Nestled in the French Alps in the renowned resort town of Megève, Le Chalet Zannier mirrors the raw beauty of its mountainous surroundings whilst preserving the authentic character of the Haute-Savoie. Here are seven cultural reasons you should choose Le Chalet Zannier for your next alpine adventure.
Whilst Shoreditch and Williamsburg vie for the title of the most hipster district in the world, with their mix of good food and vintage-chic design, Megève achieves all of this effortlessly and more. Le Chalet Zannier firmly lives up to Megève’s vaunted reputation. Rustic simplicity and luxurious comfort converge at Le Chalet Zannier as the hotel, formerly a working farm, continues to pay homage to the traditional architecture of the Haute-Savoie, retaining the original building’s distinctive overhanging eaves and generous use of wood and stone.
Nestled in the mountains with stunning views of the Alps, stepping into Le Chalet Zannier is like entering a Zen mountain retreat. Under the direction of Belgian firm am designs, Le Chalet Zannier has been stripped back to the simple essence of Savoyard design. Le Chalet Zannier’s design aesthetic is pure and minimalist — without a cuckoo clock in sight. Handcrafted furnishings, such as worn oak trestle coffee tables, are paired with earth-toned pottery and a tasteful mélange of antique pieces. This organic approach to comfort extends to Le Chalet Zannier’s guest rooms, with downy bed linens coupled with natural Aesop products completed by homey wood-burning fireplaces. From the hotel’s salon-library to its meditative cavern-like spa, Le Chalet Zannier is designed for cocooning.
Foodies, rejoice. Far from the urban centres of Paris, Lyon and Marseille, tucked away in the lofty Alps, Megève is renowned as a gastronomic gem. This reputation is due in no small part to La Ferme de Mon Père, Le Chalet Zannier’s cosy restaurant located in the former stables. Under former chef and owner Marc Veyrat, the restaurant garnered three Michelin Stars and an unparalleled 20/20 perfect score by the Gault Millau French food guidebook. Now, headed by Michelin-starred chef Julien Burlat, La Ferme de Mon Père continues in the Veyrat tradition, serving dishes made using locally-sourced ingredients that are rustic yet refined.
Megève itself boasts of a storied history. Formerly a 16th medieval market town, this sleepy alpine village was transformed in 1921 by Baroness Rothschild. Since then, Megève has built a reputation for being the most luxurious of French resorts and a centre of gastronomy. Charming and full of alpine character with cobblestone streets and traditional Savoyard architecture, visitors can immerse themselves in the culture of the Haute-Savoie by wandering through its narrow roads, visiting the area farmhouses, art galleries and more.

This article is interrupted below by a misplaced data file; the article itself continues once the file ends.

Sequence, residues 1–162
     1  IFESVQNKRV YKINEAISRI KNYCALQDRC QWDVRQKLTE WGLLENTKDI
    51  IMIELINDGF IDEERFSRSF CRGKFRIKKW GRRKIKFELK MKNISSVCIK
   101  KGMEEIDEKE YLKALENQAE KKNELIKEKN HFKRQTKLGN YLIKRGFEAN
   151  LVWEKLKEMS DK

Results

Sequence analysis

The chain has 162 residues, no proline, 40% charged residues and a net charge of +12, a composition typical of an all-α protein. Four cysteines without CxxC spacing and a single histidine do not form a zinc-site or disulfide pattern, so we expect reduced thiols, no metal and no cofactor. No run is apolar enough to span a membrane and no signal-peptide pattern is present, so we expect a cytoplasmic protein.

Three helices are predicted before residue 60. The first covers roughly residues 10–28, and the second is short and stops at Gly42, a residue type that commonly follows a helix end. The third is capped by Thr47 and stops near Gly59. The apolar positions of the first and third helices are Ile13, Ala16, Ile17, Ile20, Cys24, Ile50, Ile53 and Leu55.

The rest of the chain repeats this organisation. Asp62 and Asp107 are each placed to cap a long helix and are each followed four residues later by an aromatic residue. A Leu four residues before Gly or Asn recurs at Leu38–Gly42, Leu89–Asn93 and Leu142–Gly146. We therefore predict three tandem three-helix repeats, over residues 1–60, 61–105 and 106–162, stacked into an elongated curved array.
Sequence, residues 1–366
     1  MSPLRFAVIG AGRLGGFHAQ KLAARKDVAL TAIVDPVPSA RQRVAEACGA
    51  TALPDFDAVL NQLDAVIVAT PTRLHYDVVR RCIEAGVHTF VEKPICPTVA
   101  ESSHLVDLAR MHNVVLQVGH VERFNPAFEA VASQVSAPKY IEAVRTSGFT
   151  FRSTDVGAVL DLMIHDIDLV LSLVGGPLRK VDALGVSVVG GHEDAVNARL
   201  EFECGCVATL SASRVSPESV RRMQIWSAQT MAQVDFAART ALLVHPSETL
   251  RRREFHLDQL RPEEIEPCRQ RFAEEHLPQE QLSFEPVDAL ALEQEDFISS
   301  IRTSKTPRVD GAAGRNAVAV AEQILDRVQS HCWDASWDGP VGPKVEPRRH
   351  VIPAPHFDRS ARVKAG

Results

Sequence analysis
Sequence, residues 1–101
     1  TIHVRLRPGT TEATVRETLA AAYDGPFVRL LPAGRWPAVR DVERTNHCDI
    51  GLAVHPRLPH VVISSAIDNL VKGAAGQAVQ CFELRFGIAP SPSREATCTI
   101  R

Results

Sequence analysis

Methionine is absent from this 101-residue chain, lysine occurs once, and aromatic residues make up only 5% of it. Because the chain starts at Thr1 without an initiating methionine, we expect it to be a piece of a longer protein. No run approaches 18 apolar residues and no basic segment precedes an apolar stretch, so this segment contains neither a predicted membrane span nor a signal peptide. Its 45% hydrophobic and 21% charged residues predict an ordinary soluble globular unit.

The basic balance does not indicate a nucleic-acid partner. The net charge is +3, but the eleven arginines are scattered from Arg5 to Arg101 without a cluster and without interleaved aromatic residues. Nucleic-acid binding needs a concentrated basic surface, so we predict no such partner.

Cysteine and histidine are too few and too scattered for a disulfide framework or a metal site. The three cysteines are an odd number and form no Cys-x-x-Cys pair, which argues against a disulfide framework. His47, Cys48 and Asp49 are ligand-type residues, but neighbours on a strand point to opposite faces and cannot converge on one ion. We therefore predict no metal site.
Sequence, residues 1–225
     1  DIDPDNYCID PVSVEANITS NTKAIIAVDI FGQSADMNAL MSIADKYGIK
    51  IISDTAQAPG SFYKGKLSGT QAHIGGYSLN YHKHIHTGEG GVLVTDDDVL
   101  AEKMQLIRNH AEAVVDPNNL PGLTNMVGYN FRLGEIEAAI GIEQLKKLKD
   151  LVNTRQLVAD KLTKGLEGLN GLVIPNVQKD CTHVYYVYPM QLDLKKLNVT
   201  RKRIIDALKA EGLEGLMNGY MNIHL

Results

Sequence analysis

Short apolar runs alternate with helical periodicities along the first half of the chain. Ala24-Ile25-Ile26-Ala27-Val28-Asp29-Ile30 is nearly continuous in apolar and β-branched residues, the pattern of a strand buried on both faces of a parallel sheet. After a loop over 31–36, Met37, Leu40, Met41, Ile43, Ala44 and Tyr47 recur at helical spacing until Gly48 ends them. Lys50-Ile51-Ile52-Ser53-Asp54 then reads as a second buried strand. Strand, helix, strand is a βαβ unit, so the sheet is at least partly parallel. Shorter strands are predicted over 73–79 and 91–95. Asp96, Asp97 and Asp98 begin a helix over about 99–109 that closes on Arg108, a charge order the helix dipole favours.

Megève Calvary – Take a walk through art, architecture and history along the Megève Calvary. The Megève Calvary is truly unique to France and gave rise to the village being dubbed the ‘Savoyard Jerusalem’ as pilgrims flocked to the region. Established between 1840-1878, the Calvary is composed of 15 chapels that depict scenes from the Passion of Christ through frescoes and paintings.
Historic Megève Town Centre – Megève’s historical town centre is certainly worth a visit. Dating back to the Middle Ages when it served as a bustling medieval market town, Megève’s town centre boasts of a main square that branches out into narrow, cobblestone streets, each full of character and worthy of exploration.
Lake Javen – The pristine waters of Lake Javen reflect the surrounding mountain landscape, creating a truly idyllic scene. Pack a hearty lunch and hike over from Megève for a un pique-nique savoyard. Or, bring along some fishing gear to enjoy a quiet afternoon of fishing on the lake.
BMW Polo Masters Megève – Skiing is not the only winter sport to be found in Mègeve. Every year in January, a section of the Polo Masters tour is held in Megève’s Mont d’Arbois Plateau. The event sees the traditional horseback sport swap grass for snow, an impressive spectacle for those taking a break from the slopes.
Visit a local farm – With numerous working farmhouses in and around Megève’s countryside, spend a leisurely afternoon visiting some local farms to discover the roots of Megève’s acclaimed gastronomic reputation. Be sure to bring home some local cheeses, milk, fruits, jams, honeys and more.
Not only is Megève a haven for foodies and fashionable ski-buffs alike, the village is also home to an eclectic collection of art galleries. Nestled in the beautifully preserved medieval town, works by local artists sit alongside both regional and international offerings. With a variety of public and private exhibitions, those who wish to purchase sculpture for the home, marvel at breathtaking photographs of Mont-Blanc’s scenery, or simply explore the town’s vernacular crafts, will not be disappointed.
With a history that oozes aristocratic elegance it is unsurprising that Megève’s gastronomic offerings are unanimously sophisticated. In this town luxury is everything, so expect traditional Alpine dishes with a twist of contemporary design and flair, transformed into fabulously mouthwatering spectacles. Famed for his three Michelin stars, chef Emmanuel Renaut rules the roost at Flocons de Sel with his carefully curated and seasonally changing tasting menus. He is not alone however – from high-altitude al fresco dining at L’Alpette to the unpretentious, hearty fare at Le Cystobald, there is no end to the culinary delights that Megève has to offer.